NY Giants 2012: Why Jason Pierre-Paul Will Be the NFL's Most Feared Pass-Rusher

Jake SilverCorrespondent IAugust 2, 2012

EAST RUTHERFORD, NJ - JANUARY 01:  Jason Pierre-Paul #90 of the New York Giants reacts after a sack in the first quarter against the Dallas Cowboys at MetLife Stadium on January 1, 2012 in East Rutherford, New Jersey.  (Photo by Rich Schultz/Getty Images)
Rich Schultz/Getty Images

The modern NFL is a changed game from what it once was. Rule changes, play calling and a thrill-seeking fanbase have given rise to an age of high-flying offensive powerhouses and quarterbacks who throw the ball 50 times a game.

With the top quarterbacks now capable of putting up video game numbers on a weekly basis, pass-rushers have become the NFL's new defensive elite. Though the league is strewn with fearsome pass-rushers, no player personifies the new breed of quarterback killers quite like Jason Pierre-Paul

Pierre-Paul has a unique combination of power, length and freakish athletic ability that has changed the perception of what makes a good defensive end. With a growing need for defensive ends who can play multiple positions and match up with any member of an offensive line, JPP's talents have made him a force in the NFL virtually overnight. 

At 6'5'', 278 pounds, Pierre-Paul has the power you would expect from a player his size, able to match up with guards along the interior and able to simply bull-rush to the quarterback. His speed is impressive for his size, which is a product of his absurd athleticism.

What really makes JPP dangerous when matching up with tackles on the outside, however, is his mind boggling 81-inch wingspan. (If you don't feel like doing math, his arms are nearly seven feet long.) The length of his arms allows him to keep tackles at bay during hand-to-hand combat off the snap, which gives him an extra opportunity to turn the corner before a lineman can square up to him.

His arms are what allowed him to block a game-tying field goal against the Cowboys in December, potentially preserving the entire season. When you add his physical abilities to a seemingly endless motor on the field, it makes you wonder how he only managed 16.5 sacks last season. 

Pierre-Paul was one of the essential catalysts for the New York Giants' miraculous Super Bowl run last season, electrifying a defense that was being shredded week in and week out. JPP's value goes far beyond the 16.5 sacks and two forced fumbles he contributed; he energized a team that was at times playing like a group of sleepwalkers.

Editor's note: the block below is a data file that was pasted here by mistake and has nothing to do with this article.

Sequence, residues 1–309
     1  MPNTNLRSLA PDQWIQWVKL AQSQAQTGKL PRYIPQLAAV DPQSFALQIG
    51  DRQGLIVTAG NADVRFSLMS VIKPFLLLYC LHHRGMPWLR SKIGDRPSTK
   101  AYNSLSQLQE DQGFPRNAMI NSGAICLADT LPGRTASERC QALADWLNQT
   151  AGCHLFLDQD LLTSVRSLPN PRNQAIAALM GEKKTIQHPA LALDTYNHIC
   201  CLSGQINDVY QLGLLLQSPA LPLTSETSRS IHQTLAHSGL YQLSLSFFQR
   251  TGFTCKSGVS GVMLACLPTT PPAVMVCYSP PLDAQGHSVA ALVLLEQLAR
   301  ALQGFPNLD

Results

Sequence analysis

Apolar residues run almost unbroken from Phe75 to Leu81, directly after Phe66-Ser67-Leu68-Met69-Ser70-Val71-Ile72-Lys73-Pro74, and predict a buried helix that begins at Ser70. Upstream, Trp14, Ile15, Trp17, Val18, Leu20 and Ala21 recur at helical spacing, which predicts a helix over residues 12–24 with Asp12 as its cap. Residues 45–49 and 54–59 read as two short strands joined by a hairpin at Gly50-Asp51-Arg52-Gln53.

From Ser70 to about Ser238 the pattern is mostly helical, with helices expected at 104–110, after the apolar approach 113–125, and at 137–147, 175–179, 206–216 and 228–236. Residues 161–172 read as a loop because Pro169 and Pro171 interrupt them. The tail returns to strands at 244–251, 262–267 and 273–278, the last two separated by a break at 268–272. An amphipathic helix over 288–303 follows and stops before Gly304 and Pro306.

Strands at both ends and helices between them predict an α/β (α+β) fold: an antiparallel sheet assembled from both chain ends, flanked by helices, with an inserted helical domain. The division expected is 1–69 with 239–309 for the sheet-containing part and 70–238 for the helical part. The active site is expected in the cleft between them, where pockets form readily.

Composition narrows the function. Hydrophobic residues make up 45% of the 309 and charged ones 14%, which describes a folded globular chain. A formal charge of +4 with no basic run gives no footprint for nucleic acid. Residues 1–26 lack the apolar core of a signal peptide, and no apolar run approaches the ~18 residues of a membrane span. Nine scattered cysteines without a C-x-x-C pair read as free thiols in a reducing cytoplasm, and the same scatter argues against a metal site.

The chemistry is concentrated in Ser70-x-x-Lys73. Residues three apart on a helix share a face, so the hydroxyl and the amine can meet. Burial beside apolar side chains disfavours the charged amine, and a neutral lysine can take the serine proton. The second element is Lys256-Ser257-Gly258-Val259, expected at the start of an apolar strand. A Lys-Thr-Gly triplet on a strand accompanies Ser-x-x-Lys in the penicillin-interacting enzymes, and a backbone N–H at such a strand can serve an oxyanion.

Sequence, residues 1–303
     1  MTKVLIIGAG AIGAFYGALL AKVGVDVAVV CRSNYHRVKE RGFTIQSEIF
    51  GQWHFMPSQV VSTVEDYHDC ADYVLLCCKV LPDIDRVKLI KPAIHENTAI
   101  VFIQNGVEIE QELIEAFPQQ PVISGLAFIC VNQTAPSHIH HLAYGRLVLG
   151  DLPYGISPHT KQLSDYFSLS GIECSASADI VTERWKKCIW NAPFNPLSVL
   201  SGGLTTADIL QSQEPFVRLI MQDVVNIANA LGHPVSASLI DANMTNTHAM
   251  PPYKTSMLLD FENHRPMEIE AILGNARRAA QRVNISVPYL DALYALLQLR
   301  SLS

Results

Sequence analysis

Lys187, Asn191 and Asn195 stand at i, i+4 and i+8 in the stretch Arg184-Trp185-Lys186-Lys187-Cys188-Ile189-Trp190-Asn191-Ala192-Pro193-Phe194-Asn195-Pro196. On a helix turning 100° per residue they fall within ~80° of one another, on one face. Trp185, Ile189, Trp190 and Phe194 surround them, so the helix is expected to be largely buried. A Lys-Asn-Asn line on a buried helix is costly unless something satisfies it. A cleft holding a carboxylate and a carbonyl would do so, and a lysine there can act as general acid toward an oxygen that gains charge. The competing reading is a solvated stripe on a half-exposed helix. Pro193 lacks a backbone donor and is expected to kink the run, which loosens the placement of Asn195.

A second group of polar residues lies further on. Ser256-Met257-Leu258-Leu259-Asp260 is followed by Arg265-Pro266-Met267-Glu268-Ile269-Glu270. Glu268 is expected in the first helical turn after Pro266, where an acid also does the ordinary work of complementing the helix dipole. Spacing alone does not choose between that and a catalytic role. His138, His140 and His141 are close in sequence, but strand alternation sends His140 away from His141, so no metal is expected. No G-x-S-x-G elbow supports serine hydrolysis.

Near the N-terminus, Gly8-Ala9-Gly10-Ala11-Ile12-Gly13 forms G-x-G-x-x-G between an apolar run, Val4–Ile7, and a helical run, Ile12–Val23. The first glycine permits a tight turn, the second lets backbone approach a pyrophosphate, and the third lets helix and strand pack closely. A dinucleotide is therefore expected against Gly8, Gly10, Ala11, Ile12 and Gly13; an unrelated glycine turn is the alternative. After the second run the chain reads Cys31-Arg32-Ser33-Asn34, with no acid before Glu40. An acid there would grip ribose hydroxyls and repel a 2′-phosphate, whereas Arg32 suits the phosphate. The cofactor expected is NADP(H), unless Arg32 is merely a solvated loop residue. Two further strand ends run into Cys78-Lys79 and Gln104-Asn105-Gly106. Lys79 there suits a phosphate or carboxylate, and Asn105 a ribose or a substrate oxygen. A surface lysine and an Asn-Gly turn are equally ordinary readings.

In the 2011 regular season, JPP produced a whopping 86 tackles, the most by any defensive lineman in the NFL and more than some starting middle linebackers. He simply chases down the ball carrier on every play, no matter what position they are. 

Pierre-Paul rightfully made the Pro-Bowl for his 2011 campaign and was in consideration for Defensive Player of the Year; not bad for a second year guy who was supposed to be a development project behind Osi Umenyiora and Justin Tuck.

Yes, when the Giants drafted him with the 15th overall pick in 2010, Pierre-Paul was a raw prospect, a guy who had only played one full season of college ball and would be meant to replace Umenyiora or Tuck way down the line. Instead, he has exploded thanks to a DE-friendly scheme and his natural physical prowess. 

The scariest thing about JPP is that he is still learning the pro game. This quarterback nightmare is still considered a raw player from a coaching standpoint,. If 16.5 sacks, 86 tackles, a Pro-Bowl and DPOY considerations represent a guy still learning how to play, what can we expect once he actually learns? 

The sky is the only limit for JPP, and the smart money says he'll lead the league in sacks during the 2012 campaign and will probably be a finalist for Defensive Player of the Year. If that doesn't add up to the most feared pass-rusher in the NFL, then Jared Allen must not have a mullet.